By The Rawtarian

Iodine is a trace element that is naturally occurring in some foods, added to others (think iodized salt), and available as a supplement. Though our bodies require very little iodine, the lack of it can cause serious health problems.

Iodine is crucial to the proper function of the thyroid. Insufficient levels can contribute to hypothyroidism, mental impairment, and birth defects in children born to deficient mothers. Iodine deficiency is easily preventable if you are eating a diet that includes a variety of high-iodine foods.

The Rawtarian says:

RDA for iodine is 150mcg day for both men and women!

Seafood, sea vegetables (kelp, nori, dulse), fish, milk, yogurt, cheese, eggs, and iodized salt are the top sources. Other sources include some fruits and vegetables, including cranberries and potatoes.

Sources

As you can see, many high-iodine foods are not included in a raw food diet. However, it is still easy to fulfill your daily requirements. Here are some top iodine sources that you may use (there are others out there - these are just to give you an idea).

Keep in mind the RDA is 150mcg/day for both men and women, and higher for pregnant or nursing women.

Good things to know...

  • Sea vegetables & dried seaweed: these are the top choices for raw foodists. While iodine levels vary depending on type and amount, all seaweed and sea vegetables contain enough iodine that you can easily make your daily requirements (you don't have to eat much to get what you need).
  • Salts: Unfortunately, sea salt & pink salt actually contain very little iodine. Iodized salt  should contain minimum of 57* mcg iodine per 1/4 tsp. (*as per the FDA)
  • Cranberries: 1/4 cup = 200mcg
  • Corn: 1/2 cup = 14mcg
  • Dried prunes: 5 prunes = 13mcg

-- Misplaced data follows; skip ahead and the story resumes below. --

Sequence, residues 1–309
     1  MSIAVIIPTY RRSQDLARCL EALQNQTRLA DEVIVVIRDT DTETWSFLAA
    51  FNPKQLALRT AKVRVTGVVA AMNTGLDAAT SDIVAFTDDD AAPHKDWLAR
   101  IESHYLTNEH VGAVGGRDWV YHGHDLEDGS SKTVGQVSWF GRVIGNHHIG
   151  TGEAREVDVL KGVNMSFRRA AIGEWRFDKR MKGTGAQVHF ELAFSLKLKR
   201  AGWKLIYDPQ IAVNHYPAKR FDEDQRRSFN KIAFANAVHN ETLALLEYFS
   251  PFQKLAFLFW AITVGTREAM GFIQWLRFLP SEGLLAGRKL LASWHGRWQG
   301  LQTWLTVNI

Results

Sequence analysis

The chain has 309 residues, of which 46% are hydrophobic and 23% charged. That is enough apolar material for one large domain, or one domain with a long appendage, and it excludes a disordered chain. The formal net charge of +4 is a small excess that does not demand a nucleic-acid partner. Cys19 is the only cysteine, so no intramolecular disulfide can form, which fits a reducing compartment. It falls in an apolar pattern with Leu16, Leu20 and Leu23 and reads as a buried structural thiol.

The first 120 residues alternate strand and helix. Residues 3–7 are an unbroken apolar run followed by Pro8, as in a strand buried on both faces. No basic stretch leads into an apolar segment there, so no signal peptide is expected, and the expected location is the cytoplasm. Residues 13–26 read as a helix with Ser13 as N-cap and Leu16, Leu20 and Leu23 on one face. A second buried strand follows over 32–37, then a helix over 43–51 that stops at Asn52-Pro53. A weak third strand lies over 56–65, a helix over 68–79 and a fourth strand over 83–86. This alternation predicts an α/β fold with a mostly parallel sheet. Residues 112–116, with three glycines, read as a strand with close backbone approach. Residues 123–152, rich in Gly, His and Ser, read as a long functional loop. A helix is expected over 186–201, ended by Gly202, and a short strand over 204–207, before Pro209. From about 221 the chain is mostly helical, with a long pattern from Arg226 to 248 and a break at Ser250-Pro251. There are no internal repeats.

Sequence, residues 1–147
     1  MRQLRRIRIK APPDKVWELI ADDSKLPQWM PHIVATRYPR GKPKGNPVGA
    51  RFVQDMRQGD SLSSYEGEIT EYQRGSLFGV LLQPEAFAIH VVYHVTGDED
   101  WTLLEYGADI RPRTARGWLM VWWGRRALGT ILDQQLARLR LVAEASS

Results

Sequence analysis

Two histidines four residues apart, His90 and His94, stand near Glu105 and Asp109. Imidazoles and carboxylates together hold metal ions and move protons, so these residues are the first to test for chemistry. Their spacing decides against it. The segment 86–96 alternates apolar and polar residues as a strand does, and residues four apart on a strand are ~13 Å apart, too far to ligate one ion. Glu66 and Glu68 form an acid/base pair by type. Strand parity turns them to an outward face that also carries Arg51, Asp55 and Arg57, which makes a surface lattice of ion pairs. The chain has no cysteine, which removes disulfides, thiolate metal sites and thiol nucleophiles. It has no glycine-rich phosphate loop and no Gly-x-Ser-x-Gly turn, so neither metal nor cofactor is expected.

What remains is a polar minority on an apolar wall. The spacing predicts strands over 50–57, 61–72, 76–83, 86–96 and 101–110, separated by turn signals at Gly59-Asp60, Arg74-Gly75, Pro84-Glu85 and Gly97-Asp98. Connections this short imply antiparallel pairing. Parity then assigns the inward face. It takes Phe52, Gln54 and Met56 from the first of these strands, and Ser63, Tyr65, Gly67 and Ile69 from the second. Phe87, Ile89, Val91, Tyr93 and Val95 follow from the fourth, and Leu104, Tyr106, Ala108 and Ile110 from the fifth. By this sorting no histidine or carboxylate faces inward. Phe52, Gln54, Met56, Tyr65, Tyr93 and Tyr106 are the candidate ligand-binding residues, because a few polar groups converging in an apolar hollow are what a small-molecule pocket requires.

• Strawberries: 1 cup = 13 mcg
  • Bananas: One medium banana = 3mcg
  • Green beans: 1/2 cup = 3mcg
  • Iodine supplements: Supplementsare available in a variety of strengths, but the maximum recommended amount per day is 500mcg. Supplements are a good idea if your diet doesn't regularly include any major sources of iodine.

I hope this has helped to clarify the iodine issue for you. What you need to do is analyze just how much iodine you really are getting in your diet. Then, if it's not enough, you need to find a way to increase the amount, either through foods or supplements.

Either way, it is vitally important that you are getting the amount required for optimum health!

Comments

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Thank you so much for this post. It is very informative and helpful.

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Thanks, Janace. It was your question that prompted me! :)

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Thanks. What about normal pink himalayan salt ?

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Hi Susanne, only table salt is fortified with iodine. Pink salt may contain traces but you'd need to eat way too much to reach recommended intake!

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Thanks for the information - I run a health-related blog (https://elissagoodman.com) and you're the person who has inspired me to lead a more healthy life. Thanks for the article, keep up the awesome blog!

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Thank you! :)

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Thank you so much for this post. It is very informative and helpful.

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Thanks, Janace. It was your question that prompted me! :)

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